Whirr fans got a bit of a surprise last month after the band ‘went off on one’ having seen a low-scoring Pitchfork review of their musical friends Nothing. A criticism that picked at the bands inherit lack of originality. (The reviewer Ian Cohen was referred to as a ‘pussy’).
What we can safely say is that the more this ‘shoegaze resurgence’ goes on, the greater the sameyness will be with newer bands to the genre. Not wanting to state some corny hypothesis or anything, but sometimes things turn around and go the other way. Take Walleater, a four-piece from Leeds who’ve gone so full circle they teeter on the edge of sounding like a less poppier Hopesfall. It feels weird listening to this in 2014, particularly as the last time I heard this sort of stuff I was without any facial hair. Forget the stubble, it’s impressive the atmosphere these guys create – really quite absorbing stuff.
Featuring ex/current members of Bird Calls,Sky:Lark and Man Hands are London three-piece Kin Shot, who fuse together spiraling 00′s emo with post-hardcore rashness – Daniel Striped Tiger, Damezumari and Malady being good starting points. Excited to hear more stuff from this lot.
Basking in lower case glory are estates, a three-piece indie/emo band from Milwaukee. Following on from their 2012 demo and full-length Gleam is the bands second low-spirited self-titled album, conveying plenty a glum nod to other such heartsick influences including Hum, Codeine and Sunny Day Real Estate.
In 1998 Pele daringly released Teaching the History of Teaching Geography – at a time where experimental indie-rock wasn’t quite so finely tuned as it now is. Little things like out-of-synch loop pedals and ultra loud keyboards were all things that came as expected.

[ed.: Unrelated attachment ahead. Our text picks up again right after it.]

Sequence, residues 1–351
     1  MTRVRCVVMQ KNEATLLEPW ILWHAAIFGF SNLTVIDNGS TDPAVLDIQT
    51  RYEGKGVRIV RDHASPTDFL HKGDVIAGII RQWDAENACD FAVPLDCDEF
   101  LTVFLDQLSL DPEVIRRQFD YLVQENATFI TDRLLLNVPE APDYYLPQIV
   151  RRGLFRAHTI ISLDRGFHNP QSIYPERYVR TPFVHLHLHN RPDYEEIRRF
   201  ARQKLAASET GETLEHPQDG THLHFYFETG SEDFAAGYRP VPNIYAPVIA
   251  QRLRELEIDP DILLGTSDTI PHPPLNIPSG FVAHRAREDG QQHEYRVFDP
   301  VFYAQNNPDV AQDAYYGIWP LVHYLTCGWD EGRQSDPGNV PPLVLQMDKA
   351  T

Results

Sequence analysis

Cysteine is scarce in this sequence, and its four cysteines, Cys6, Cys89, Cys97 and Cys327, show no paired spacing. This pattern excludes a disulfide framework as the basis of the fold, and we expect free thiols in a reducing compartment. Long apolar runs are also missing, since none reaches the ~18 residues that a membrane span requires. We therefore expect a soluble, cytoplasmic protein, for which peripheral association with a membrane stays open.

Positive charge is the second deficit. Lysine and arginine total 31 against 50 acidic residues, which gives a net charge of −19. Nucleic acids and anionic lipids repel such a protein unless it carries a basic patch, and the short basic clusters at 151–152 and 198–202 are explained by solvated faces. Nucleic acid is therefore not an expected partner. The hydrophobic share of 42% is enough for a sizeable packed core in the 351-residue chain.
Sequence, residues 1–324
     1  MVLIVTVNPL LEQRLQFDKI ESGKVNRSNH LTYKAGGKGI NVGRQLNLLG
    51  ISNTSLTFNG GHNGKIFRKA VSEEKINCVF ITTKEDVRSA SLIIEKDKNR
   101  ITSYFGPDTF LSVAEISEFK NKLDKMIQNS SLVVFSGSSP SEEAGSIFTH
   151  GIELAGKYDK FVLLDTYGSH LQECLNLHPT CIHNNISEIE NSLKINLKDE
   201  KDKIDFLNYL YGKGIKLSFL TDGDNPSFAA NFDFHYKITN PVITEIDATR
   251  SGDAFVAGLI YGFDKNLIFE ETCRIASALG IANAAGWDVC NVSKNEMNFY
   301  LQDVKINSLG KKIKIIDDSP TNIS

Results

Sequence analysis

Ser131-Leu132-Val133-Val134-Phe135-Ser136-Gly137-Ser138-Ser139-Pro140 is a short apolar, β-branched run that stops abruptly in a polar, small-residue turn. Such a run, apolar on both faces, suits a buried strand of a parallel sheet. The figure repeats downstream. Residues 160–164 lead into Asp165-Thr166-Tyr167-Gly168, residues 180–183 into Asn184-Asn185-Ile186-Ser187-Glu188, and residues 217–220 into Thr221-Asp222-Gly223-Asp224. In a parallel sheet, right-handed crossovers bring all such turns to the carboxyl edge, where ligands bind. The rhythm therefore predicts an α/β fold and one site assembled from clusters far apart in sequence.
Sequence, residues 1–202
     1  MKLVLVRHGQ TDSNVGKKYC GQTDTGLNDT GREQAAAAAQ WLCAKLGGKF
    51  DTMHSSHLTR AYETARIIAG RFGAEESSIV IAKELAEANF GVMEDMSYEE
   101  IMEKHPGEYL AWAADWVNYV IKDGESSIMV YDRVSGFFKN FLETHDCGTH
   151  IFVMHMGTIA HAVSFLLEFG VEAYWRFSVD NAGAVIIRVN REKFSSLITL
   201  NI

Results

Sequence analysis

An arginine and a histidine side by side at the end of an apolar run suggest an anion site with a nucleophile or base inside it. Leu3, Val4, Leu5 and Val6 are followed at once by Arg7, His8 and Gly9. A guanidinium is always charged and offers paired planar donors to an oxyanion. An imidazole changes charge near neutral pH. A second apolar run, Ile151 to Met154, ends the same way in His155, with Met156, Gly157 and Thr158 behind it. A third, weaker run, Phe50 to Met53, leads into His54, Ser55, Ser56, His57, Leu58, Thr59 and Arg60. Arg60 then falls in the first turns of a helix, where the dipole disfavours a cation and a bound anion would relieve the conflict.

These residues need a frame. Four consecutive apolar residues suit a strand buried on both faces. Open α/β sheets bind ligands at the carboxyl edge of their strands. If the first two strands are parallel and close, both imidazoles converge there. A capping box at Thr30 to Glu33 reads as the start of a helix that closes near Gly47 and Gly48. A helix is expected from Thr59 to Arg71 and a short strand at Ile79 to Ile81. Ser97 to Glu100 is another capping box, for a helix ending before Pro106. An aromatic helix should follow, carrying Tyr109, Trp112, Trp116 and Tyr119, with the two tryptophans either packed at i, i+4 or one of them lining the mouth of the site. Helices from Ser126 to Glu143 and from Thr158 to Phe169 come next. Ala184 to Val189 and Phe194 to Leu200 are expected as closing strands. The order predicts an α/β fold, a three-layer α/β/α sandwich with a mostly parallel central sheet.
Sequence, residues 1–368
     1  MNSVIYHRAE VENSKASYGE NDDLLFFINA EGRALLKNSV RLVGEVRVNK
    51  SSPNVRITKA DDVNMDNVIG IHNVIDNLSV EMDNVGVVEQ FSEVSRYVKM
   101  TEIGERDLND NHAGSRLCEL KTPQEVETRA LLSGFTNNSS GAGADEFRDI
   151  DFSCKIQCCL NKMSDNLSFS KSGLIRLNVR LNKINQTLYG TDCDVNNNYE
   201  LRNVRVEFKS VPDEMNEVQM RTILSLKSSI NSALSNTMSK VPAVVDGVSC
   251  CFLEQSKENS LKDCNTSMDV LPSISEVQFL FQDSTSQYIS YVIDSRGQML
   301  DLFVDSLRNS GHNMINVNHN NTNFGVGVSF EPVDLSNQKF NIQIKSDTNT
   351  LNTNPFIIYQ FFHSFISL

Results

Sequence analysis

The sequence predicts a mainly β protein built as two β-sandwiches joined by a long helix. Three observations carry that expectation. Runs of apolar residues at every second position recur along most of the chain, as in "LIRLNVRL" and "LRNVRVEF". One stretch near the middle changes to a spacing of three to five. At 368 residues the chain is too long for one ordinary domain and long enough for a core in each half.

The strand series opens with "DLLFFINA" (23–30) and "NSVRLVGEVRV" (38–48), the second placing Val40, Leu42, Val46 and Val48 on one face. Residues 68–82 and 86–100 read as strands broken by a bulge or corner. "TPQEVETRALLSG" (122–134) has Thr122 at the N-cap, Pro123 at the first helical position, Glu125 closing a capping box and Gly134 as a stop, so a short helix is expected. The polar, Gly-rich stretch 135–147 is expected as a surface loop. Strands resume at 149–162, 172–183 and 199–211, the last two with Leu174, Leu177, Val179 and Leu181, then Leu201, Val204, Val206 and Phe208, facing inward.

Fusing Sleater-Kinney melodies with the straightforwardness of The Breeders are London three-piece DOE, whose anti-bass, anti-fuss take on punk makes for a refreshing listen. In recent months the band have parted ways with guitarist Alessandro and brought in a new guy on axe called Matt (above right). What impact he’ll have on future songs is yet to be fully heard, but what is comment-on-able are the crisscross vocals between Jake (drums) and Nicola (guitars), particularly the formers grip on those high-reaching harmonies, and latters impressive hold on the longer ones (I suspect a third lung tucked away somewhere).
Sooner is one-part tape and one-part zine. Expect to receive an assortment of lyrics, photos and other such related scribblings should you pre-order the physical thing from Keroleen Records.
The last time I went to see Healing Powers I bust my glasses and the bent things still ain’t fixed. Their singer Josh would be facing the same problem if his nose (carrying copious amounts of sweat) didn’t have velcro-like properties at its base.